Me’Quelle Keeling proudly shows the dirt on his hands while creating beds and planting as a volunteer at our Westport Commons Farm.
When Me’Quelle Keeling reached out to volunteer with Cultivate KC, raking leaves in the dead of winter wasn’t quite what he had in mind.
Still, he came out regularly to the Westport Commons Farm, trudging over snow and ice to break up the mounds of leaves and mulch piled over the field.
But now that spring has arrived, he can start to see the fruits – or rather, the vegetables – of his labor as he works alongside farm manager Dan Krull and other members of our volunteer team.
“I think the most interesting thing has been seeing how we’re actually making the soil, or making the beds, from just mulch and leaves and that it’s the basis of how everything is growing,” Keeling, 24, said. “And the fact that it’s working is just ridiculous. It’s a whole different thing because it’s so adjacent from traditional agriculture. I think it’s really cool.”’
The Olathe resident entered college at Kansas State University thinking he’d study business. The idea of being an entrepreneur intrigued him, but, he said, the material was “so boring.” He connected with a teacher from high school now teaching at the university who suggested Keeling look into business studies in the school of Agriculture.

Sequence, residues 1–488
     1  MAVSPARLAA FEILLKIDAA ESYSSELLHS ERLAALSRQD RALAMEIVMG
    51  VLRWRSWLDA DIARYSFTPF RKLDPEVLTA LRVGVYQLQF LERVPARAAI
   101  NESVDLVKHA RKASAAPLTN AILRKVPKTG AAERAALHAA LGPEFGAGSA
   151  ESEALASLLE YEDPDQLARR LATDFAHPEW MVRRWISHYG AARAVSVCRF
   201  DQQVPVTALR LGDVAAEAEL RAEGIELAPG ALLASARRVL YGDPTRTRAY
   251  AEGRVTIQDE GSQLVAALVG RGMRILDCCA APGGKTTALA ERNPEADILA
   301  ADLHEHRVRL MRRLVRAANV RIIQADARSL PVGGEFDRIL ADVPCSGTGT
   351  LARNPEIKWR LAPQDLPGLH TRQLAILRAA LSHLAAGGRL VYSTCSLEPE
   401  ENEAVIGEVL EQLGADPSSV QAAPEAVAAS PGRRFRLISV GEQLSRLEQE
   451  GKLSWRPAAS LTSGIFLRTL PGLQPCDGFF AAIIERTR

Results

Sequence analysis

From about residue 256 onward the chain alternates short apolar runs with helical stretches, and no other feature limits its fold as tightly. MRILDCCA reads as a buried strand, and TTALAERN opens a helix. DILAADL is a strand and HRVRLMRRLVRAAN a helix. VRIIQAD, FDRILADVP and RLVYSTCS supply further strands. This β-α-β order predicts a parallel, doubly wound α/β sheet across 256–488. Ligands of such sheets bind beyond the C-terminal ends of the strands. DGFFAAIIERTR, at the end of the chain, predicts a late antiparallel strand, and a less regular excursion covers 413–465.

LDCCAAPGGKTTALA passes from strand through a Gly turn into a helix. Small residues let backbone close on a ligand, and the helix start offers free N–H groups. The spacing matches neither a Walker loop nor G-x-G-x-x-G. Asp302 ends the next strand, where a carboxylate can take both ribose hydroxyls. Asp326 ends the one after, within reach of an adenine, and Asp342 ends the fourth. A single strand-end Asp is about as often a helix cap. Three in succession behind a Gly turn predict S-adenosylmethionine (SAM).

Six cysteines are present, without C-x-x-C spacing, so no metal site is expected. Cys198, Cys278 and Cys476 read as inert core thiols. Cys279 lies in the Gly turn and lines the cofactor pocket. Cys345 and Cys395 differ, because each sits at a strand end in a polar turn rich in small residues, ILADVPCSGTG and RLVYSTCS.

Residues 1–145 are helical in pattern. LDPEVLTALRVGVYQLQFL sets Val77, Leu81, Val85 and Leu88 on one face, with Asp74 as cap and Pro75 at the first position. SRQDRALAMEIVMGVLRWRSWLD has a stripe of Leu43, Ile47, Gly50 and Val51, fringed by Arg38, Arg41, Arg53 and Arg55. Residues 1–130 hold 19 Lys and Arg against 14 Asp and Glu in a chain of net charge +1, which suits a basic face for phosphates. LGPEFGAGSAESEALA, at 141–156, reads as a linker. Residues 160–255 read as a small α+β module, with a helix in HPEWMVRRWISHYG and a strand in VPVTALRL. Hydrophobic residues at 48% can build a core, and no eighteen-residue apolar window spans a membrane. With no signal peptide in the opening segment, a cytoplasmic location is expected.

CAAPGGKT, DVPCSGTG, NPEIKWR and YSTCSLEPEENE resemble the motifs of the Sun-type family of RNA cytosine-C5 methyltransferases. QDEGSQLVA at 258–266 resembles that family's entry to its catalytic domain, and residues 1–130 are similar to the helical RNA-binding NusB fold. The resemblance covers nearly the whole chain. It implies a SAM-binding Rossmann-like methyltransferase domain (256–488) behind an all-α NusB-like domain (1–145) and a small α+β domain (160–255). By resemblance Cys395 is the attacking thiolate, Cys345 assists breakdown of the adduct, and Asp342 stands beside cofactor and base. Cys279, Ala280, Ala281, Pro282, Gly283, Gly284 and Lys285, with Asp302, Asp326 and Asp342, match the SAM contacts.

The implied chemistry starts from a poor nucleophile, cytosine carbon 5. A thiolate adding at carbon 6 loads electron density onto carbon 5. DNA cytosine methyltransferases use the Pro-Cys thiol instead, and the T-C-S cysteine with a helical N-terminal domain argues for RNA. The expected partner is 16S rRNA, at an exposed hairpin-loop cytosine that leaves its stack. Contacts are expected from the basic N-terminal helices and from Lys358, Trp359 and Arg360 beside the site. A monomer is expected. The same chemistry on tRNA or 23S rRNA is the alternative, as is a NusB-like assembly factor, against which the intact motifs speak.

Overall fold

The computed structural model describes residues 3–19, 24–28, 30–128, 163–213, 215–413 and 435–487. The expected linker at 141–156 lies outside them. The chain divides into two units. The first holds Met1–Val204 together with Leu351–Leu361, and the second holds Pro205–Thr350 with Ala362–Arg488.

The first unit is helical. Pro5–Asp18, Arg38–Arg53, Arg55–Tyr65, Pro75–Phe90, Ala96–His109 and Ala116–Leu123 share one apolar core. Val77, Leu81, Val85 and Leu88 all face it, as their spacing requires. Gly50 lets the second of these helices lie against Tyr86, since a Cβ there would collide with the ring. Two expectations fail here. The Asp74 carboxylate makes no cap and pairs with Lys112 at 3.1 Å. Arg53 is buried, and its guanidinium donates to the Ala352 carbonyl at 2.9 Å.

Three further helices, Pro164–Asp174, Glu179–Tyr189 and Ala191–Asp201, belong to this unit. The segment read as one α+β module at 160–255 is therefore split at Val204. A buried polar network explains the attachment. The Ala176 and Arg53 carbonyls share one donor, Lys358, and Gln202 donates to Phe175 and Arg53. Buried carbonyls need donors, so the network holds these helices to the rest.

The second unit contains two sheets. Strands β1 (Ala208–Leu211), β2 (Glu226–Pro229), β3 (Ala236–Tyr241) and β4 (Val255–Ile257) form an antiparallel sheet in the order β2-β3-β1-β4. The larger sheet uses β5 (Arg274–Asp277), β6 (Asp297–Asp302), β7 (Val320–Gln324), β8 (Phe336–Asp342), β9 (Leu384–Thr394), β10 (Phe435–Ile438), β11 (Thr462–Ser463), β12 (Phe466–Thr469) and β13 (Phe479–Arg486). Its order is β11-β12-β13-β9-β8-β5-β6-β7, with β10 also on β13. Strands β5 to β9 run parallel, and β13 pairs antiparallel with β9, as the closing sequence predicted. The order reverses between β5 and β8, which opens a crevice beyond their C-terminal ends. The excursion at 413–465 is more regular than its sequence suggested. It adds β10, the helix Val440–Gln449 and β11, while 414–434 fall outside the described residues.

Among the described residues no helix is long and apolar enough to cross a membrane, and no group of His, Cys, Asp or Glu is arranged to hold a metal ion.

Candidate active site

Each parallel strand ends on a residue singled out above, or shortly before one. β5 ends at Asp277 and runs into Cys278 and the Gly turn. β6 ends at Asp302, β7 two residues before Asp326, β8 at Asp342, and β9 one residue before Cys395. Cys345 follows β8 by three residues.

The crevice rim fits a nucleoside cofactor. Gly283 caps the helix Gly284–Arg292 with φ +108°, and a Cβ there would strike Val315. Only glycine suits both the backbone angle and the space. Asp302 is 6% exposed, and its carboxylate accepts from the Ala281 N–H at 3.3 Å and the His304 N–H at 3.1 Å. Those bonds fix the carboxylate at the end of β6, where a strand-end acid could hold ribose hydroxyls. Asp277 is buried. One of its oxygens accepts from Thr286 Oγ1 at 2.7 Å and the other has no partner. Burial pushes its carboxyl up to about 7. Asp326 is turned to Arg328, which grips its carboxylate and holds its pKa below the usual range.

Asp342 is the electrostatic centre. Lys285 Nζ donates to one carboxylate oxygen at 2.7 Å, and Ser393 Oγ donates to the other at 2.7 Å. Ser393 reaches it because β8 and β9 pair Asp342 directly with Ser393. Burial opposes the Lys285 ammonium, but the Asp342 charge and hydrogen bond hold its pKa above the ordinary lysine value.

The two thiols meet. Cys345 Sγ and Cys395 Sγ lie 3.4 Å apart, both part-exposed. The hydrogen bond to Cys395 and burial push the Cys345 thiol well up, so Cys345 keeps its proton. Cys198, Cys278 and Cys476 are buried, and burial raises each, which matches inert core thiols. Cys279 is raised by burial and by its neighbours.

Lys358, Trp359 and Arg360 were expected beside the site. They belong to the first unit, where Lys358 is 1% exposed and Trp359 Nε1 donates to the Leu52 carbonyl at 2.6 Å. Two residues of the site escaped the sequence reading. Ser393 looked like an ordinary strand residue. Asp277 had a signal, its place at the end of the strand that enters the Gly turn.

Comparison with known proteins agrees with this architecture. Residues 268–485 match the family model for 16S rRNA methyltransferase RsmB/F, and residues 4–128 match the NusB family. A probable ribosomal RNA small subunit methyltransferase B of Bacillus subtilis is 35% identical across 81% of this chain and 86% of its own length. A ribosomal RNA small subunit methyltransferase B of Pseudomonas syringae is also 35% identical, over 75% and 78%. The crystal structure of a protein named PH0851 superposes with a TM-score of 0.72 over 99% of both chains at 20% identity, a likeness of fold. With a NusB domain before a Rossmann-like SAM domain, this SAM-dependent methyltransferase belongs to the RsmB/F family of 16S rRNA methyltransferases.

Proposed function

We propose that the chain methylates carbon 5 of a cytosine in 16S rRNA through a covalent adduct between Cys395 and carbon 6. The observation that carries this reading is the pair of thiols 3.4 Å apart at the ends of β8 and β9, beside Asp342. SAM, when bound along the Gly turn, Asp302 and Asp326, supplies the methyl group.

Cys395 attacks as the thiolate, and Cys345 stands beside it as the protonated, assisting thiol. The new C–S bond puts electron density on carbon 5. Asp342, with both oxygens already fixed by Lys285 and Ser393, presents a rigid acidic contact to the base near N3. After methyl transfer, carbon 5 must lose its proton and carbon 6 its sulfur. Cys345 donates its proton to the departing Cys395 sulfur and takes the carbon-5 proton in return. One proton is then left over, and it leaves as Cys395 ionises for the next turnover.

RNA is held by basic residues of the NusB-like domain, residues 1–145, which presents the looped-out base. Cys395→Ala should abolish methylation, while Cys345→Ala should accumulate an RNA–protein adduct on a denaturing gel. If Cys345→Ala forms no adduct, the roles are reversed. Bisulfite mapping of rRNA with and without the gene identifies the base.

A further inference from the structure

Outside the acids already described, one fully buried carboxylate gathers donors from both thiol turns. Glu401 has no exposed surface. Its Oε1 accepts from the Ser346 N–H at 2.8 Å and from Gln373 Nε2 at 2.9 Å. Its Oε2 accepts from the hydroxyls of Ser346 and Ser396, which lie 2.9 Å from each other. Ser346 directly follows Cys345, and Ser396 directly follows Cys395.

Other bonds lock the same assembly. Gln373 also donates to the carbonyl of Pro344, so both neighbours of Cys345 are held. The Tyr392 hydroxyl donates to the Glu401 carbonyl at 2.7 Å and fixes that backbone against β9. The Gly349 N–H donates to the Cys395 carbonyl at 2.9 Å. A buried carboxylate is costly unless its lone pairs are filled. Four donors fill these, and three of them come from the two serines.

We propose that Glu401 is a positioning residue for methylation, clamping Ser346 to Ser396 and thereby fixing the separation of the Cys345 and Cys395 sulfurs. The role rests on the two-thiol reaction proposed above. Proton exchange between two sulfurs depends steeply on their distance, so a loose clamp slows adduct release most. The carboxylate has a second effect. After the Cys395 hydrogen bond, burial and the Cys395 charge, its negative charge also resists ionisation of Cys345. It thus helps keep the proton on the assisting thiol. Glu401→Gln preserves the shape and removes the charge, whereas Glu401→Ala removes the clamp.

After enrolling in just a few courses, his interest went from piqued to passionate.
“I feel like a nerd because everything was interesting,” he said. “The curriculum was amazing. Everything played a role in society and elevating society so that you felt you are contributing to the community and there’s so much to it.”
The various facets from horticulture to agronomy, alone, were interesting, he said. But he also appreciated how farming benefited not only the individual but also the community. He saw not just the benefits of his knowledge, but its necessity.
“You’re always going to need agriculture. Everybody’s always going to need food.”
By volunteering at Cultivate KC, he said, he has been able to keep his passion for agriculture alive while continuing his education. While the work over the winter was not glamorous, and maybe at times a bit grueling, the payoff has been seeing the soil he’s helped build growing food he helped plant.
The work has taught him patience, he says. “That’s something I’ve learned from that I can apply to life in all my endeavors.”
While Keeling continues to explore his professional future, he will continue farming regardless. While working with Cultivate KC, he can do so while he figures out his next steps.
“When I graduated, I really wanted to do something that could benefit me career-wise, but also help out the community. And I found the best of both with Cultivate.”